It is Thursday morning, time for work. My stomach tightens, my back aches, and my head hurts. I have to spend the next eight hours a few feet away from the man I avoid as much as possible—my overbearing boss who makes sexist jokes and snide comments at my expense. Most days, he directs his remarks toward my appearance, a habit that has compelled me to dress down over the last few months, to wear less make-up, and to attempt invisibility when I’m away from home. As a young woman, a journalist and a writer who relies on freelance contracts, I know my experience is not uncommon. I am confronted with the same realities as many peers: abysmal pay and irregular employment that means I have to endure this harassment to make ends meet.
Fortunately, on a recent reporting assignment, I encountered the intriguing work of visual artist Brigite Normandin, whose artistic practice addresses themes of abuse, injustice, and powerlessness. At once provocative and reflective, her artworks challenge the status quo. I find them nurturing and understanding. When my boss becomes too much to handle, I now escape into Brigite’s world.
Hosted at Galerie Art Plus, a repurposed Sutton church nestled in the Eastern Townships, Brigite’s solo exhibition, “Ex Voto,” riffs on the practice of votive offering, or imbuing spiritual objects with the symbolic power to affirm devotion to an act or cause. Instead of traditional candles, however, Brigite’s exhibition is populated by life-sized dolls that bear witness to lived experiences of the oppressed. By calling attention to social inequities, the dolls represent a manifestation of healing and an externalization of turmoil to achieve inner peace.
The bodies speak… for a wound healed, an injustice remedied, a wrong that has been put right.
For instance, “The Physical Life of Women” doll critiques the gendered pressures to conform to reproductive expectations, while another, titled “Les fleurs du mal,” highlights the pressure of feminine beauty standards. Another still, “La bourse,” calls attention to economic disparities and unjust class division through abruptly placed bank seals lacquered with an urgent shade of red. Brigite’s mannequins externalize the inner pain, trauma, and wounds created by societal norms as a form of catharsis. “The bodies speak… for a wound healed, an injustice remedied, a wrong that has been put right. I have always been fascinated by relics and areas of devotion. I’m not religious myself, but I’m always intrigued by how and why people believe,” said Brigite.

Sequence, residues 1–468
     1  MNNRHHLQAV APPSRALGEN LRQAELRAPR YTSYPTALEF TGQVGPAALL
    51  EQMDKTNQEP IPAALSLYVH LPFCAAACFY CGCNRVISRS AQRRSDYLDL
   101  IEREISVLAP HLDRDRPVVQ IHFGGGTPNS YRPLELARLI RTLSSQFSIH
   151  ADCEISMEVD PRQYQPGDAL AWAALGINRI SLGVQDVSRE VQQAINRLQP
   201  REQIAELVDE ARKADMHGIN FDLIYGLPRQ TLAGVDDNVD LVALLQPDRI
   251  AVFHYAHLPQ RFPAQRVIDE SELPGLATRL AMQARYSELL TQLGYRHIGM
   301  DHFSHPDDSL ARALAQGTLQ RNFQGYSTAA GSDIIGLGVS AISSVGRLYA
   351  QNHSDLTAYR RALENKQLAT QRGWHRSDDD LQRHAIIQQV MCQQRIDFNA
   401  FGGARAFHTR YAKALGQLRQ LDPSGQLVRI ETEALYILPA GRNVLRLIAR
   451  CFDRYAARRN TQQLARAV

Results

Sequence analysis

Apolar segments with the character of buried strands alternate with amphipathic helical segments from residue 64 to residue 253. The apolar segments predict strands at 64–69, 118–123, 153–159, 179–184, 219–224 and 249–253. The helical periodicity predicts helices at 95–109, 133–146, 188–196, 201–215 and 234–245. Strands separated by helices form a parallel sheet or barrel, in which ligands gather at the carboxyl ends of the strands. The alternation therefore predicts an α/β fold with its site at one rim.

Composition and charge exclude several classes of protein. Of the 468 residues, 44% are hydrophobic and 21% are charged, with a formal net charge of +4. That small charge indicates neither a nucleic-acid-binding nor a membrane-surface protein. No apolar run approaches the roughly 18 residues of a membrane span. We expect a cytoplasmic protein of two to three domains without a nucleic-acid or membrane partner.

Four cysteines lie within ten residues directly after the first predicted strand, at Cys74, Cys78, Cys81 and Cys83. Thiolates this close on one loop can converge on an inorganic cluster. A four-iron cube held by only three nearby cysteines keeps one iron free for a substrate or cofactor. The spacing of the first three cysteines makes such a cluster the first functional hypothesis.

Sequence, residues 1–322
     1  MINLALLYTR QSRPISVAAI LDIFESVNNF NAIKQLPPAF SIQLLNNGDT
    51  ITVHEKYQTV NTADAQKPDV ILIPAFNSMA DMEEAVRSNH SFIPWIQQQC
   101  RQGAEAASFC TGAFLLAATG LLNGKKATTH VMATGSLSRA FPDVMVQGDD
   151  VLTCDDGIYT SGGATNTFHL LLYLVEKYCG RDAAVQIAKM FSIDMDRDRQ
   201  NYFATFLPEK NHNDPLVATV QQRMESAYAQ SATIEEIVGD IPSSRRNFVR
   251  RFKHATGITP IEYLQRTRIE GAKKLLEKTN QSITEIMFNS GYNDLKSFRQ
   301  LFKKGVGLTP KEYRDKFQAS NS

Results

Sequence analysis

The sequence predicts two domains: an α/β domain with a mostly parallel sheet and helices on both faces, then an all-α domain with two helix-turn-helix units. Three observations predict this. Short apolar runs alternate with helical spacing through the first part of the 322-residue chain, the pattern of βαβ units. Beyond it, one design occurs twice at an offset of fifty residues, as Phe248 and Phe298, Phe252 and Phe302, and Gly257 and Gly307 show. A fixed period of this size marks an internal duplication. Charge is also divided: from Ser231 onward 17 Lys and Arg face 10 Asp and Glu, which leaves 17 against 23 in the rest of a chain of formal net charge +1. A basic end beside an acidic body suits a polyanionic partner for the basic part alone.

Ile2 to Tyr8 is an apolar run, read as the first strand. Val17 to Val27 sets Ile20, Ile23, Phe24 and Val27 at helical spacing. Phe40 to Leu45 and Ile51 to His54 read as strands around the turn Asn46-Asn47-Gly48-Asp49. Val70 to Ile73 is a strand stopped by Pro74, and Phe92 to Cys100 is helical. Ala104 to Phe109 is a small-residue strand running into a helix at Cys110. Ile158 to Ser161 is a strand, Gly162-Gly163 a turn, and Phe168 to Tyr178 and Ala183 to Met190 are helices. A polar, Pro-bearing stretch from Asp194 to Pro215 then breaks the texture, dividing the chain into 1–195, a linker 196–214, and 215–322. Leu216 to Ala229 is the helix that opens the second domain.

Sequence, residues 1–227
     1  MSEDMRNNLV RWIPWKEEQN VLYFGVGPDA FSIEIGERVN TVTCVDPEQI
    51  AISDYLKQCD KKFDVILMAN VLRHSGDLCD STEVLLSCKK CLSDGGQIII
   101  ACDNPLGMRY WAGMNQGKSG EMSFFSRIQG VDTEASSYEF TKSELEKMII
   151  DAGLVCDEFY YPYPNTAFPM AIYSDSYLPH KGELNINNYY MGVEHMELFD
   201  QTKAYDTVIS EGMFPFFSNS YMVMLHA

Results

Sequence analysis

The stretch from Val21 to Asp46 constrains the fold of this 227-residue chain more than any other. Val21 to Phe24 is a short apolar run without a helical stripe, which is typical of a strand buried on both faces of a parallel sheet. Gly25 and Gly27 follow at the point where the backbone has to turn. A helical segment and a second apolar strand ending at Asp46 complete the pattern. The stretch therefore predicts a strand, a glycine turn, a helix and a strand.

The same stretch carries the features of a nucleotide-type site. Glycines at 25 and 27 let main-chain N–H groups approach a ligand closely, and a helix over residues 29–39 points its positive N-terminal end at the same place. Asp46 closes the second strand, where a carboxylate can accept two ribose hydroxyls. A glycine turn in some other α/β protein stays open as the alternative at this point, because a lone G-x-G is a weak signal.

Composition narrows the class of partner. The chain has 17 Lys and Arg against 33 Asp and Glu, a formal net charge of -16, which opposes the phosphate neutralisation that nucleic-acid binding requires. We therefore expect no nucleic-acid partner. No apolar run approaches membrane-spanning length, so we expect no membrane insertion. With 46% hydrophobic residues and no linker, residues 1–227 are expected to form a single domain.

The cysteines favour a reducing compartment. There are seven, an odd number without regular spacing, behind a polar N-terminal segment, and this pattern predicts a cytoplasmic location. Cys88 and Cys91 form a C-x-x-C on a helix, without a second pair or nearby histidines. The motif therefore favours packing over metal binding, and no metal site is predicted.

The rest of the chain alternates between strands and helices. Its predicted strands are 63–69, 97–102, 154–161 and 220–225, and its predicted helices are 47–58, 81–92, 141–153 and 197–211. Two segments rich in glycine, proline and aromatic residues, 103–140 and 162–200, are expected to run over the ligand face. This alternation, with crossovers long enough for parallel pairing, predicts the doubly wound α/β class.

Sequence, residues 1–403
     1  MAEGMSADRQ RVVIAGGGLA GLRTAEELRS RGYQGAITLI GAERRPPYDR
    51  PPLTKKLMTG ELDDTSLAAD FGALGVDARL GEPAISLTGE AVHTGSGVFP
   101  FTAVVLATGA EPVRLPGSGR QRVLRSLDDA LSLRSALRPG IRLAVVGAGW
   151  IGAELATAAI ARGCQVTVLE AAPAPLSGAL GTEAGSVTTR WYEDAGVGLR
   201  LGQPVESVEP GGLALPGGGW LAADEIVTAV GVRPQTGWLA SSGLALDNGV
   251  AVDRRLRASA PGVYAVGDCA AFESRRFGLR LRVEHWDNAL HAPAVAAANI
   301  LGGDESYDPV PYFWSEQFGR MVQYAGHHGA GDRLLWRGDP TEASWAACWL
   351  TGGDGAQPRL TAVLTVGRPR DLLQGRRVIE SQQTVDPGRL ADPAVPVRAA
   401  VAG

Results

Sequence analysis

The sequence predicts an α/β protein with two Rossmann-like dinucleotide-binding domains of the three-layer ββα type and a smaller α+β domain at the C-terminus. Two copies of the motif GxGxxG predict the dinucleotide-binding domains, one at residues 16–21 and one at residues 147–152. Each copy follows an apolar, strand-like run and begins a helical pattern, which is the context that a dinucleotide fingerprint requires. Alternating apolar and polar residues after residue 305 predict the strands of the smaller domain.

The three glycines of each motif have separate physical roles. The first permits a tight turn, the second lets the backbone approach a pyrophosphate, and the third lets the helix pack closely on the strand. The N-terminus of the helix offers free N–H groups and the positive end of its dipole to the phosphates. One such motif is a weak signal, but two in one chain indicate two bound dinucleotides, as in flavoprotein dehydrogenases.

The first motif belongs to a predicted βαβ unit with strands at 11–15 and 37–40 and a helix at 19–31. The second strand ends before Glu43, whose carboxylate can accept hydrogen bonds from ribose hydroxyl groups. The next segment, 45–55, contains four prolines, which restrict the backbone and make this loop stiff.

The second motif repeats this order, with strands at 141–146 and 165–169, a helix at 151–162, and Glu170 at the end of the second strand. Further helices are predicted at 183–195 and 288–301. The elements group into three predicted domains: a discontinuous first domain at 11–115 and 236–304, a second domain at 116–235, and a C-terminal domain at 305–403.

Brigite’s fascination with dolls dates back to her early childhood. “I didn’t play with Barbies. My mother made dolls out of carton and paper and we entertained ourselves with what we had,” she said. But it wasn’t until she encountered a stark photograph in one of her father’s coffee table books that she discovered their storytelling potential. “It was a book about war and I remember looking at a picture of a broken porcelain doll mingled with the rubble,” she said.“The doll has always stayed in the back of my mind.”
Ten years ago, Brigite decided to engage with the haunting childhood memory. She scoured antique shops, searching for vintage artefacts to express political and social commentary. Her dolls are a mix of newspaper fragments and found objects that advocate against oppression and injustice. “These dolls… tell a story; a story about women, about religion, about society, and how these factors work together to create the world we live in. Over time, we attach ourselves to them and become aware of global suffering by looking at what is real, what is true, what is obvious and what is continually disregarded because it is too painful to bear,” she said.
While Brigite’s art may make some viewers uncomfortable in their unflinching honesty, her work reflects a critical narrative that should be told. When I look at her dolls, I want to touch their scars and lick their wounds. They reflect many of the realities I face and those I want to change. Every time I leave them, I may still be broken but I’m healing. Today will be the day I act.
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